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Yamaha posted by

Back to the Future: 1993 Yamaha GTS 1000

At some point in the history of the motorcycle evolution, someone decided that taking what worked out back (i.e. swingarm rear suspension) should also work on the front. Thus the concept of the backwards motorcycle, the funny front end, or the better mousetrap was born. But lest you think that this was a recent evolutionary breakthrough found only on the Bimota Tesi and today’s Yamaha GTS, the actual idea of hub-centered steering dates back to Carl Neracher in 1918 with his ingenious Ner-A-Car design. Since the dawn of time there have literally been dozens of attempts to handle (and in some cases, isolate) the simultaneous forces of road irregularities, braking-induced weight shift, cornering forces and steering that impact the motorcycle design. The most commercially viable of these designs was the James Parker RADD system, which was adopted by Yamaha for their GTS 1000.

1993 Yamaha GTS 1000 for sale on eBay

By nature the GTS is a sport tourer, although alternate front suspension designs have been utilized in outright sport bikes (i.e Bimota Tesi) as well as racers (the ELF racers in the GP series were especially innovative). But the packaging of the front suspension does tend to produce a wider, larger motorcycle. Powering the GTS is the ubiquitous FZR1000 motor, which has never lacked for power. The unique combination of sport bike soul and sport touring coachwork connected to the Parker RADD suspension resulted in a gem of a machine which – like the technologically advanced Turbos of a decade earlier – failed to sell. Like the Turbos, these are genuinely rare machines that are worth seeking out as they represent a bargain.

From the seller:
Yamaha GTS 1000, unique and rare model. Very good condition, everything works, good tires, fresh oil and filter. All original except for windscreen. Unique front suspension, this model was only sold 2 years in the US. A great sport-touring machine.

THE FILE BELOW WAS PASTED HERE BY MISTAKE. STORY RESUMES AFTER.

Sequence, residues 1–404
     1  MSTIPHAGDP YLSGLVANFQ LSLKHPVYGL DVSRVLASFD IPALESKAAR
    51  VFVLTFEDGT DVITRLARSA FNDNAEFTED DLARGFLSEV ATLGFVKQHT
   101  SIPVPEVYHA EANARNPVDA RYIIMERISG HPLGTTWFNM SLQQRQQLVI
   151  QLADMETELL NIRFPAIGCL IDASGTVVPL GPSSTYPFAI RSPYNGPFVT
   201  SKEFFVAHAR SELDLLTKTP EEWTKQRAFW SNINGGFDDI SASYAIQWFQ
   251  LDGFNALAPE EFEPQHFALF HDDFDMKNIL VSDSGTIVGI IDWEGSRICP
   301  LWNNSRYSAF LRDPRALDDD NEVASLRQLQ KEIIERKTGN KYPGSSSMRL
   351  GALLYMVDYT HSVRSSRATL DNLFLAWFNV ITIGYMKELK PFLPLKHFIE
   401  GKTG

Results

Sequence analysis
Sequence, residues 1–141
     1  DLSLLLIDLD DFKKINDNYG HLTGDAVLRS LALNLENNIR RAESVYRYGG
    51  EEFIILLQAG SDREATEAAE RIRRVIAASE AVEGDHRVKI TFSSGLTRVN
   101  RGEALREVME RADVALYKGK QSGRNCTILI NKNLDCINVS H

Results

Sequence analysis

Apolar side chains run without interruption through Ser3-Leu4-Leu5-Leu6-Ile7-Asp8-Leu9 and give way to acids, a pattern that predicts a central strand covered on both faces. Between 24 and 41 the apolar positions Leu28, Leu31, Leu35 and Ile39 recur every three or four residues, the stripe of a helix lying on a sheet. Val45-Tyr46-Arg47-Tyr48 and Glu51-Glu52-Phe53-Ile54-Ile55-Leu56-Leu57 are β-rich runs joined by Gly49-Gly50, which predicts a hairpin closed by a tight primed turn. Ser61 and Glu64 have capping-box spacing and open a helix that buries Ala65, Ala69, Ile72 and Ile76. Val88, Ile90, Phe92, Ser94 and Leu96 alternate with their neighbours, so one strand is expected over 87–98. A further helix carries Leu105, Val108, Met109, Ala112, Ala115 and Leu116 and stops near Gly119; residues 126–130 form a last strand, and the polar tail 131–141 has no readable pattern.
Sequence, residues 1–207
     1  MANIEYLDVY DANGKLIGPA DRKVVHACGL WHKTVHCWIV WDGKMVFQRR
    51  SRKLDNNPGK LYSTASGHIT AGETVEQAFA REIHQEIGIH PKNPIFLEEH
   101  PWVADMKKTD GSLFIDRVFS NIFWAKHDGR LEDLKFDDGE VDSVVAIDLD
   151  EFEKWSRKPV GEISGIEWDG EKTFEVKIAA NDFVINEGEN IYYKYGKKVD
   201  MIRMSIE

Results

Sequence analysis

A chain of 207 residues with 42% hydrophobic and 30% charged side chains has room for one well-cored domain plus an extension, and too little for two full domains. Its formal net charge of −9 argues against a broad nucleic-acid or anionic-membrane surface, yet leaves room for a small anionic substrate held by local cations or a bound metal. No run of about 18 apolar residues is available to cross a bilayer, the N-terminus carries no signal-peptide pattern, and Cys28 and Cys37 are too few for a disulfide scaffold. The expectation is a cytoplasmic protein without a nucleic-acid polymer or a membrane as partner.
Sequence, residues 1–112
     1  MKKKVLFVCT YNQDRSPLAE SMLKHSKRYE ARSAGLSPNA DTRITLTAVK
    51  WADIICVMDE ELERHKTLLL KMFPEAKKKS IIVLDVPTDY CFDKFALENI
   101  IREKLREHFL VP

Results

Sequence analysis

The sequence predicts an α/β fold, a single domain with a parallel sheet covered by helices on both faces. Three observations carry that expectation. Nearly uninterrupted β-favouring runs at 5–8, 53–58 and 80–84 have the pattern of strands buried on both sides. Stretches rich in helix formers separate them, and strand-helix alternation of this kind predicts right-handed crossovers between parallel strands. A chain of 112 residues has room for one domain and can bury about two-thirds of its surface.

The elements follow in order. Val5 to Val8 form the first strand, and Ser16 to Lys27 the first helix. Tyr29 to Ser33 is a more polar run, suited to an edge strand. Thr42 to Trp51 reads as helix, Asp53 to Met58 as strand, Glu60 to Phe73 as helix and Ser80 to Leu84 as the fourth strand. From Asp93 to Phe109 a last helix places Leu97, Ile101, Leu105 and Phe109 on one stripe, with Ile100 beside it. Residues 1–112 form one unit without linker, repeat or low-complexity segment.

Today’s example shows exactly what this bike is all about. With 30,000+ miles on the clock, this is a rider; by all accounts the GTS is an excellent travel companion, and once underway the rider is completely unaware of the funky front suspension arrangement. Stability is reported to be superb, especially under hard braking. And despite the miles, this bike looks to be in otherwise great condition. The seller notes some recent maintenance, and an aftermarket windscreen (a bonus for rider comfort). With a Buy It Now set for a reasonable $4,200, you can rock a rare and unique bike that can be used as a daily driver for a budget. Win! Check out all of the details here, and Good Luck!!

MI

3 Comments

  • I’d love to find a ratty one and mod the heck out of it. This one is way, way, way too nice for that.

  • They came up with a solution to a non existent problem.

  • To be fair, a real problem does exist. The front end of a motorcycle is subject to many different forces, and some are conflicting with the telescoping action of the traditional front fork. You need only go back to the 1970s or 1980s to discovery flexible forks that twist and bind when facing simultaneous loads such as braking over bumps into a corner. The failure of the alternate front suspension is probably more the result of the success of the updates to existing fork technology, including upside down stanchions, larger diameter tubes, and bigger, hollow axles.

    – Mike

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